×
Page 35
Suggested Citation:"4 Process and Machine Design." National Academies of Sciences, Engineering, and Medicine. 2019. Data-Driven Modeling for Additive Manufacturing of Metals: Proceedings of a Workshop. Washington, DC: The National Academies Press. doi: 10.17226/25481.
×
Page 36
Suggested Citation:"4 Process and Machine Design." National Academies of Sciences, Engineering, and Medicine. 2019. Data-Driven Modeling for Additive Manufacturing of Metals: Proceedings of a Workshop. Washington, DC: The National Academies Press. doi: 10.17226/25481.
×
Page 37
Suggested Citation:"4 Process and Machine Design." National Academies of Sciences, Engineering, and Medicine. 2019. Data-Driven Modeling for Additive Manufacturing of Metals: Proceedings of a Workshop. Washington, DC: The National Academies Press. doi: 10.17226/25481.
×
Page 38
Suggested Citation:"4 Process and Machine Design." National Academies of Sciences, Engineering, and Medicine. 2019. Data-Driven Modeling for Additive Manufacturing of Metals: Proceedings of a Workshop. Washington, DC: The National Academies Press. doi: 10.17226/25481.
×
Page 39
Suggested Citation:"4 Process and Machine Design." National Academies of Sciences, Engineering, and Medicine. 2019. Data-Driven Modeling for Additive Manufacturing of Metals: Proceedings of a Workshop. Washington, DC: The National Academies Press. doi: 10.17226/25481.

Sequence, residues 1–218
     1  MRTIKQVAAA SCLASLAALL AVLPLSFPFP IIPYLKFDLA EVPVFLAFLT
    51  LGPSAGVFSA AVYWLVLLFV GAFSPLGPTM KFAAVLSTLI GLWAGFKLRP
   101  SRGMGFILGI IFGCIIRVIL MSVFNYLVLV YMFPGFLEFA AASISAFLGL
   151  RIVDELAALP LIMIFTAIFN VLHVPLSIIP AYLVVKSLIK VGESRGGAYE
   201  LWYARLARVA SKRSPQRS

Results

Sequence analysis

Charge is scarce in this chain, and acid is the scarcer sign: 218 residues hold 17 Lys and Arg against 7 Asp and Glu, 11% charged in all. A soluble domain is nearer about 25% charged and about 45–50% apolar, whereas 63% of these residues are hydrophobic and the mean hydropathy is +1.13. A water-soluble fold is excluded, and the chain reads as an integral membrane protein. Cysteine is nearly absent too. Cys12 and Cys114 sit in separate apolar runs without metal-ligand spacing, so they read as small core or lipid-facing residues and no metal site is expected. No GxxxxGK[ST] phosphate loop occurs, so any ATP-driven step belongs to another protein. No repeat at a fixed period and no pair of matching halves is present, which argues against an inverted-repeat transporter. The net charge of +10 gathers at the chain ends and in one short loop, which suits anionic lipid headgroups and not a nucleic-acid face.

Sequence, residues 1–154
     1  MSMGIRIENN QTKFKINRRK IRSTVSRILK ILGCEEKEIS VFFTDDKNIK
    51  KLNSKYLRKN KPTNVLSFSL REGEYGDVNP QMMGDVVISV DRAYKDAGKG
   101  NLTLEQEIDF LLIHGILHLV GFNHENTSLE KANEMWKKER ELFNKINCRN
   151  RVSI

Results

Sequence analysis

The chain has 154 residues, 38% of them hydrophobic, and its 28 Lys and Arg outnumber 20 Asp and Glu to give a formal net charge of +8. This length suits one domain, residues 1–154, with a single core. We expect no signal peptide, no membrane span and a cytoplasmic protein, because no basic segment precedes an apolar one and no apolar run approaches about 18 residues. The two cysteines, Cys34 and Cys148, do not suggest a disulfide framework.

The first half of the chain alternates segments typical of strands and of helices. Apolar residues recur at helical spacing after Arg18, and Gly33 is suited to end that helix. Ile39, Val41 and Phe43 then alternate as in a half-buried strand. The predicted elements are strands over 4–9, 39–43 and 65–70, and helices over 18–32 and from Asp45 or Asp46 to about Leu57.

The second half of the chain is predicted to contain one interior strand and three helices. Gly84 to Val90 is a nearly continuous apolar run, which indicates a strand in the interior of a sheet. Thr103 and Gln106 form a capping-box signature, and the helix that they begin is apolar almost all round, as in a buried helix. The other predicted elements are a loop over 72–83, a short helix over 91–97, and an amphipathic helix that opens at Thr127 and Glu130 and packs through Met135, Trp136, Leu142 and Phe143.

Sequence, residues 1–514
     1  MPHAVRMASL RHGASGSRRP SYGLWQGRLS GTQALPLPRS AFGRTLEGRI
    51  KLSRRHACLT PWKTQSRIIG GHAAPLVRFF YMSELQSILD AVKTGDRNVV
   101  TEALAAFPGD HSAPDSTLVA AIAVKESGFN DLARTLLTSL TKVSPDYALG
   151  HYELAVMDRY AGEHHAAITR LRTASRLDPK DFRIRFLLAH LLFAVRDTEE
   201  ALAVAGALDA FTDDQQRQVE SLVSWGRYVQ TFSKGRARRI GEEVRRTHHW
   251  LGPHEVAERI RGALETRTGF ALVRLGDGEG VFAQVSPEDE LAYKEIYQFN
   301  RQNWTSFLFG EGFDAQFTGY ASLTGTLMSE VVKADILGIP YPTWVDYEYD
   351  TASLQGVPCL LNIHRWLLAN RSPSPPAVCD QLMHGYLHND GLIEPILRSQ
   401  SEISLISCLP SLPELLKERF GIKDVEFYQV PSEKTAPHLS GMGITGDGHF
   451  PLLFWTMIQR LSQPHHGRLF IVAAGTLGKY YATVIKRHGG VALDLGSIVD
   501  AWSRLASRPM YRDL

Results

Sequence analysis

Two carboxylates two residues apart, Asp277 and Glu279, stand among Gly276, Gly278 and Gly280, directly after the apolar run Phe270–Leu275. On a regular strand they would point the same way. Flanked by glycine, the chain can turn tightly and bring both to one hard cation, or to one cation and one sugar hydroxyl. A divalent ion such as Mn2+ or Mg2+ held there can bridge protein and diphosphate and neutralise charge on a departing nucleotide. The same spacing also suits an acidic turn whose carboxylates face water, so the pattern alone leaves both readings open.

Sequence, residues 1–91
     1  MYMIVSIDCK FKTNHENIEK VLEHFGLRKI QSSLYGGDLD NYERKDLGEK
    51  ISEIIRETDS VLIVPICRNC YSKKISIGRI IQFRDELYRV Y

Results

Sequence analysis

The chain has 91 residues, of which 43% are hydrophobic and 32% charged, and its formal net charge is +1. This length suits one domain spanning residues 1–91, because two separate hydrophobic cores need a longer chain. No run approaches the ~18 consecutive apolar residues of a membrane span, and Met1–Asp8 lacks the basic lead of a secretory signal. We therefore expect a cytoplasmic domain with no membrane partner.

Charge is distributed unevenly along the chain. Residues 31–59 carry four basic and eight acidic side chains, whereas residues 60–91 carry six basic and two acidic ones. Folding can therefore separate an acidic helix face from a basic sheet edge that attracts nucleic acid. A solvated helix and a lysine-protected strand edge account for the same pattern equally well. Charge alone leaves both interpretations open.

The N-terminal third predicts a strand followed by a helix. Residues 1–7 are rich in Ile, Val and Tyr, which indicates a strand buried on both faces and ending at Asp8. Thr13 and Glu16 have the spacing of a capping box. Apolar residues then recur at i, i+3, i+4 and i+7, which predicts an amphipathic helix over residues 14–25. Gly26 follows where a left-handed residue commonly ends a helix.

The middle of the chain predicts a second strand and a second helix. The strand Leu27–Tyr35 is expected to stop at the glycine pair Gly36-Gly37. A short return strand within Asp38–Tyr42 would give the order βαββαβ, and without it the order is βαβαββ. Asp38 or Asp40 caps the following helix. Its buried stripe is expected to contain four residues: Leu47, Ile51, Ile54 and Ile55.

×
Page 40
Next: 5 Product and Process Qualification and Certification »
Data-Driven Modeling for Additive Manufacturing of Metals: Proceedings of a Workshop Get This Book
×
Buy Paperback | $65.00 Buy Ebook | $54.99
MyNAP members save 10% online.
Login or Register to save!
Download Free PDF

Additive manufacturing (AM) is the process in which a three-dimensional object is built by adding subsequent layers of materials. AM enables novel material compositions and shapes, often without the need for specialized tooling. This technology has the potential to revolutionize how mechanical parts are created, tested, and certified. However, successful real-time AM design requires the integration of complex systems and often necessitates expertise across domains. Simulation-based design approaches, such as those applied in engineering product design and material design, have the potential to improve AM predictive modeling capabilities, particularly when combined with existing knowledge of the underlying mechanics. These predictive models have the potential to reduce the cost of and time for concept-to-final-product development and can be used to supplement experimental tests.